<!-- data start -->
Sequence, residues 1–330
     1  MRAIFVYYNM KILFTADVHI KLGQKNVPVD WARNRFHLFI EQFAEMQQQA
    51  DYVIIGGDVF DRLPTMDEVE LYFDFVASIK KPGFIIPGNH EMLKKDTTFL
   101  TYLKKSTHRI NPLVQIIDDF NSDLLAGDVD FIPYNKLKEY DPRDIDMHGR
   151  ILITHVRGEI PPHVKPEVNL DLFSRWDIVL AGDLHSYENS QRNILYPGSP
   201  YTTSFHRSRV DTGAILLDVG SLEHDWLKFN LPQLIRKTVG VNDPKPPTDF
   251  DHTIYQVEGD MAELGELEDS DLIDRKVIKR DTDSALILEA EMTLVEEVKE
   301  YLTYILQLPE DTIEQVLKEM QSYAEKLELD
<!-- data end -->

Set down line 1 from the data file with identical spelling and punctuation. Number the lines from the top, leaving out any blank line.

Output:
Sequence, residues 1–330